Don't get me wrong: Taylor series will work properly for sine/cosine (with reasonable precision for the range -pi/2 to +pi/2; technically, with enough terms, you can reach any desired precision for all real inputs, but try to calculate cos(100) using Taylor series and you can't do it unless you use arbitrary-precision arithmetic). If I were stuck on a desert island with a nonscientific calculator, and I needed to calculate sine and cosine, I would probably use Taylor series since the coefficients are easy to remember. But the real world applications for having to write your own sin() or cos() functions are rare enough that you'd be best off using an efficient implementation to reach a desired accuracy -- which the Taylor series is not.

Range = -pi/2 to +pi/2, degree 5 (3 terms)

  • Taylor: max error around 4.5e-3, f(x) = x-x3/6+x5/120
  • Chebyshev: max error around 7e-5, f(x) = 0.9996949x-0.1656700x3+0.0075134x5

Range = -pi/2 to +pi/2, degree 7 (4 terms)

  • Taylor: max error around 1.5e-4, f(x) = x-x3/6+x5/120-x7/5040
  • Chebyshev: max error around 6e-7, f(x) = 0.99999660x-0.16664824x3+0.00830629x5-0.00018363x7

Range = -pi/4 to +pi/4, degree 3 (2 terms)

  • Taylor: max error around 2.5e-3, f(x) = x-x3/6
  • Chebyshev: max error around 1.5e-4, f(x) = 0.999x-0.1603x3

Range = -pi/4 to +pi/4, degree 5 (3 terms)

  • Taylor: max error around 3.5e-5, f(x) = x-x3/6+x5
  • Chebyshev: max error around 6e-7, f(x) = 0.999995x-0.1666016x3+0.0081215x5

Range = -pi/4 to +pi/4, degree 7 (4 terms)

  • Taylor: max error around 3e-7, f(x) = x-x3/6+x5/120-x7/5040
  • Chebyshev: max error around 1.2e-9, f(x) = 0.999999986x-0.166666367x3+0.008331584x5-0.000194621x7
share|improve this answer
2  
This comment is wrong. There is a time and a place for every approximation. If you do not know enough analysis to determine the region of convergence for ANY series approximation, you should NOT be using it. That goes for Taylor, Chebyshev, Padé, etc. series. Taylor series are often Good Enough. –  kquinn Feb 7 '09 at 22:52
    
Downvoting for inappropriate use of "never". Yes, Taylor series are worse than minimax polynomials on intervals, but sometimes you are interested in asymptotic accuracy around a single point. Further, Taylor series are usually the way to go for arbitrary-precision arithmetic. –  Fredrik Johansson Feb 8 '09 at 14:21
3  
:shrug: I don't know about you but I've never been interested in evaluating a function in a small neighborhood around just one point. Even a quick least-squares fit over an interval is pretty damn easy to do. Anyone who's using Taylor series is just missing the point. –  Jason S Feb 9 '09 at 14:31
1  
@kquinn: the region of convergence for Chebyshev approximations isn't a useful concept since the interval over which they are calculated is an explicit input to the process. –  Jason S Feb 9 '09 at 14:32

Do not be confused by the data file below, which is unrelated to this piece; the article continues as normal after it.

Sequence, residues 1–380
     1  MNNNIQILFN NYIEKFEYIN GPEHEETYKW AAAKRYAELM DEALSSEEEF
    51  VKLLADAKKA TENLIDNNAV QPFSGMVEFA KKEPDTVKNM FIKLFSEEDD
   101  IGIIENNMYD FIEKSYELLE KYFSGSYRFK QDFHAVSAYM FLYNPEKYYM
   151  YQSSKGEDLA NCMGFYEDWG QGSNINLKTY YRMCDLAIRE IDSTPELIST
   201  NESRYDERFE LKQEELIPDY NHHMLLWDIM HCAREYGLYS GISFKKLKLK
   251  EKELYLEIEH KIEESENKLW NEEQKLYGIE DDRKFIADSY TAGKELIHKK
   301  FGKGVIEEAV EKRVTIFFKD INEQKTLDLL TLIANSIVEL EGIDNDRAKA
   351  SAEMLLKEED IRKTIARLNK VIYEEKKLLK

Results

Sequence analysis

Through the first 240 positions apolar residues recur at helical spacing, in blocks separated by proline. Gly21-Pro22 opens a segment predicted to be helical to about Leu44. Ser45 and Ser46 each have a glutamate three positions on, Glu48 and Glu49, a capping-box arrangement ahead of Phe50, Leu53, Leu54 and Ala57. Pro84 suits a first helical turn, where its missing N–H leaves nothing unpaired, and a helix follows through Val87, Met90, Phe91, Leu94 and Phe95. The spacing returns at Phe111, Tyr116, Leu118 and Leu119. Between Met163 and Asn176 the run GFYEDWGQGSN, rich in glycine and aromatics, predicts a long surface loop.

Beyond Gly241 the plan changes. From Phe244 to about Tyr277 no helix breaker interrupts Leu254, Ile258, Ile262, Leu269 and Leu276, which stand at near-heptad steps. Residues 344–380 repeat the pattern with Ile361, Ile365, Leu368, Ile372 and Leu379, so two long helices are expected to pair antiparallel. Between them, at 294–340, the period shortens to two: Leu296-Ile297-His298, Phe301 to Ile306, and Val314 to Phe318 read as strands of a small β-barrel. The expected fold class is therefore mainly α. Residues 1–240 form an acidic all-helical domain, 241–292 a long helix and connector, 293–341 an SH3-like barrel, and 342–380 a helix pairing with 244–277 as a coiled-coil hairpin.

2  
Upvoting because the responder knew Hart exists. :smile: Hart is the classic reference here, even if it was difficult to find when I bought a copy (in print) 25 years ago. It is worth every penny. Range reduction wherever possible, coupled with an appropriate approximation, be it Pade, Chebychev, even Taylor series as appropriate, is a good approach. Pade or Chebychev approximants are usually the better choice over a Taylor series though. –  user85109 Apr 19 '09 at 12:42

I believe they're calculated using Taylor Series or CORDIC. Some applications which make heavy use of trig functions (games, graphics) construct trig tables when they start up so they can just look up values rather than recalculating them over and over.

share|improve this answer

Check out the Wikipedia article on trig functions. A good place to learn about actually implementing them in code is Numerical Recipes.

I'm not much of a mathematician, but my understanding of where sin, cos, and tan "come from" is that they are, in a sense, observed when you're working with right-angle triangles. If you take measurements of the lengths of sides of a bunch of different right-angle triangles and plot the points on a graph, you can get sin, cos, and tan out of that. As Harper Shelby points out, the functions are simply defined as properties of right-angle triangles.

A more sophisticated understanding is achieved by understanding how these ratios relate to the geometry of circle, which leads to radians and all of that goodness. It's all there in the Wikipedia entry.

share|improve this answer

Trigonometric Functions defined. Sorry to hear that you got a taste of the "just punch the button" mathematical "instruction". I had to deal with that in a course on Linear Algebra, and I believe it's the world's worst form of instruction in math (or any other subject for that matter).

share|improve this answer
2  
If his teachers were as helpful as you, it's not surprising. –  PeterAllenWebb Dec 5 '08 at 21:22
    
@PeterAllenWebb: Pointing someone to a thorough explanation of exactly how the various trigonometric functions are defined, and common methods of calculating their values is not helpful? Particularly when compared to the "just punch the sin button" method the OPs teachers (per the post) used? –  Harper Shelby Dec 5 '08 at 21:26
    
@Jurassic_C: I can live with that. In fact, I edited to more correctly reflect my opinion on the matter. I certainly wasn't aiming to insult the OP - the OPs math instructors, perhaps, but not the OP. –  Harper Shelby Dec 5 '08 at 21:43
    
@jurassic_c -- agreed. SO should say, "you've just linked to a wikipedia article, are you sure you want to do that?" anytime you post with that crap, and doc points. –  nlucaroni Dec 5 '08 at 21:45
    
@Harper: No worries. Since the reword, my comment didn't really apply so I deleted it –  Jurassic_C Dec 5 '08 at 22:03

If your asking for a more physical explanation of sin, cos, and tan consider how they relate to right-angle triangles. The actual numeric value of cos(lambda) can be found by forming a right-angle triangle with one of the angles being lambda and dividing the length of the triangles side adjacent to lambda by the length of the hypotenuse. Similarily for sin use the opposite side divided by the hypotenuse. For tangent use the opposite side divided by the adjacent side. The classic memonic to remember this is SOHCAHTOA (pronounced socatoa).

share|improve this answer

Your Answer

 
discard

By posting your answer, you agree to the privacy policy and terms of service.

Not the answer you're looking for? Browse other questions tagged or ask your own question.